The present invention encompasses a method for detecting or identifying a reference sequence within a communication system wherein the reference sequences assigned to different cells or sectors are constructed from GCL sequences. One embodiment of the method comprises receiving a reference sequence transmitted by a BS with an unknown sequence index. The reference sequence is transmitted in a way such that the phase ramp (increase of phases) information of the transmitted reference sequence can be extracted from the received signal. The characteristics of the extracted phase ramp will be analyzed to determine the sequence index, uniquely identifying the cell.

The present invention additionally encompasses a method for fast cell identification. The method comprises the steps of taking a Fast Fourier Transform (FFT) of a received time domain signal to get the data on subcarriers, obtaining a vector with a plurality of entries being computed from the data on pairs of reference subcarriers on which the reference: sequence is sent, taking an Inverse FFT (IFFT) of the vector, and then identifying the position of one or more peaks, from which the class indices can be derived in a pre-determined manner/mapping from the positions of the detected peaks.

Those skilled in the art will recognize that techniques other than FFT processing may also be used to carry out the invention. However, FFT based processing is typically more efficient than methods using direct computation.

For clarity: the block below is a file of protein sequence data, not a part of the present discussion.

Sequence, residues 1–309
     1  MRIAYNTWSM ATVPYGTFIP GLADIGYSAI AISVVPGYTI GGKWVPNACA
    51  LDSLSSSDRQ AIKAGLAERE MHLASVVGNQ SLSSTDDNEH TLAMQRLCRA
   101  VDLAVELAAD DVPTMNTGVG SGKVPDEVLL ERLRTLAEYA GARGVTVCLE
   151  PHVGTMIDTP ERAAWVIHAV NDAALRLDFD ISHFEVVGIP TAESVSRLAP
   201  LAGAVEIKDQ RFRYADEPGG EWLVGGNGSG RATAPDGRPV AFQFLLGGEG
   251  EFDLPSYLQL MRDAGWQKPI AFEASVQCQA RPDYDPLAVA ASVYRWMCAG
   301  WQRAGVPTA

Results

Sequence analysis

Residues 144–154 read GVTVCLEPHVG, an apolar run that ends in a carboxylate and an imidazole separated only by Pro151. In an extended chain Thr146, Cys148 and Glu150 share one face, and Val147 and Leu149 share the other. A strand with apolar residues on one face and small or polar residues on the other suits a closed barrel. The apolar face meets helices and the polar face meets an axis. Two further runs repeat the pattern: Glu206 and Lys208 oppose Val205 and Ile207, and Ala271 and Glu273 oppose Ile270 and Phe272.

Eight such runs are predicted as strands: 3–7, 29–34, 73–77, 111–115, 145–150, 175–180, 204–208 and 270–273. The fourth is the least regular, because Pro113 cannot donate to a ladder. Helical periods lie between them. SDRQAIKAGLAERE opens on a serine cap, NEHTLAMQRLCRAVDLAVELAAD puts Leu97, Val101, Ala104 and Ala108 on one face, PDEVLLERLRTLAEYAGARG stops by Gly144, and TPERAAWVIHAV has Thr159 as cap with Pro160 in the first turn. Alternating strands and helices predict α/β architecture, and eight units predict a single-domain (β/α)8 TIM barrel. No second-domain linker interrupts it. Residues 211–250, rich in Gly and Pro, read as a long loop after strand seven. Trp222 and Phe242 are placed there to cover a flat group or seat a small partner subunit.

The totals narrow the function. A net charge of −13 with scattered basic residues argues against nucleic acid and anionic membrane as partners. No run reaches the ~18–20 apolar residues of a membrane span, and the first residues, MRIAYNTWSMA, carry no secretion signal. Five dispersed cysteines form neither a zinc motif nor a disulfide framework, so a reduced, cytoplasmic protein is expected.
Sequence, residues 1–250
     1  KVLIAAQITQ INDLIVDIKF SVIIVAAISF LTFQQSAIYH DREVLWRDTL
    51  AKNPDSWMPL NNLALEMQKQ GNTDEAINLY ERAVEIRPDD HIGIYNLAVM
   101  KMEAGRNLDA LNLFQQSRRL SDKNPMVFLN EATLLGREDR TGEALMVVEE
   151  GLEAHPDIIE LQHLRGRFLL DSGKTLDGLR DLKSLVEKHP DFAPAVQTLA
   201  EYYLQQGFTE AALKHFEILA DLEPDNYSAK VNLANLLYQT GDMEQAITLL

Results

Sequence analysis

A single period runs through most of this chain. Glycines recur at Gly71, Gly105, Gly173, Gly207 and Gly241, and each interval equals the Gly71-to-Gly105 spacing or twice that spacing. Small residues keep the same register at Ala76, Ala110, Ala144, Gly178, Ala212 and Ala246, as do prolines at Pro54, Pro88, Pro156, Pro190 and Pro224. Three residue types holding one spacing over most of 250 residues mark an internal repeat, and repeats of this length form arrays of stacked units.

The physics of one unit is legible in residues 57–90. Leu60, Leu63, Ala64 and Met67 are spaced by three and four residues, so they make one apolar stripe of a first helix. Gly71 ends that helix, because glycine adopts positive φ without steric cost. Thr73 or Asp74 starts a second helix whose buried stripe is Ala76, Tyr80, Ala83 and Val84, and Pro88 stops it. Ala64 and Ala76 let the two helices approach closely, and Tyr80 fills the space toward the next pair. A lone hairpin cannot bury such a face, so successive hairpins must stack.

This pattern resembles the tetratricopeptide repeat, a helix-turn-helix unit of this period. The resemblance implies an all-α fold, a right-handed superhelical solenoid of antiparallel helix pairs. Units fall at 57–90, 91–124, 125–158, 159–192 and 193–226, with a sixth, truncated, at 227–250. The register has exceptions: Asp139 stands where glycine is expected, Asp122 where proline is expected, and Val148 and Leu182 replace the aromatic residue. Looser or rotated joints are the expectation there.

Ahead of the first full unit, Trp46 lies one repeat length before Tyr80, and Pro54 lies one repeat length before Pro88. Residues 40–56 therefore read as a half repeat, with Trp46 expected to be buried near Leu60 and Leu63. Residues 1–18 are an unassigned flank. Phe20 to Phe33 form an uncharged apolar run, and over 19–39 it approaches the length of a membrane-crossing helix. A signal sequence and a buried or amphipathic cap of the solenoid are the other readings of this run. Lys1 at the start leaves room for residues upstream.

Although the reference sequences assigned to nearby cells or sectors are preferably distinct sequences, they may also comprise common sequences that are mapped to different sets of OFDM subcarriers. For example, one GCL-based sequence could be mapped to subcarriers with indices (3n) in a first cell/sector, (3n+1) in a second sector/cell, and (3n+3) in a third sector/cell, thus providing sequence orthogonality by frequency division. The sequence identification process can then be conducted on each different set of subcarriers to identify sequence indices for the different sets of subcarriers. In this scenario, the best cell/sector for communication (e.g., initial access, continued access, handoff, etc.) can be based on identifying the sequence indices for the different subcarrier sets, and then selecting the subcarrier set (along with its sequence index) having the highest signal quality (e.g., having the largest peak out of the sequence index determination process).

Turning now to the drawings, where like numerals designate like components, FIG. 1 is a block diagram of communication system 100 that utilizes reference transmissions. Communication system utilizes an Orthogonal Frequency Division Multiplexing (OFDM) protocol; however in alternate embodiments communication system 100 may utilize other digital cellular communication system protocols such as a Code Division Multiple Access (CDMA) system protocol, a Frequency Division Multiple Access (FDMA) system protocol, a Spatial Division Multiple Access (SDMA) system protocol or a Time Division Multiple Access (TDMA) system protocol, or various combinations thereof.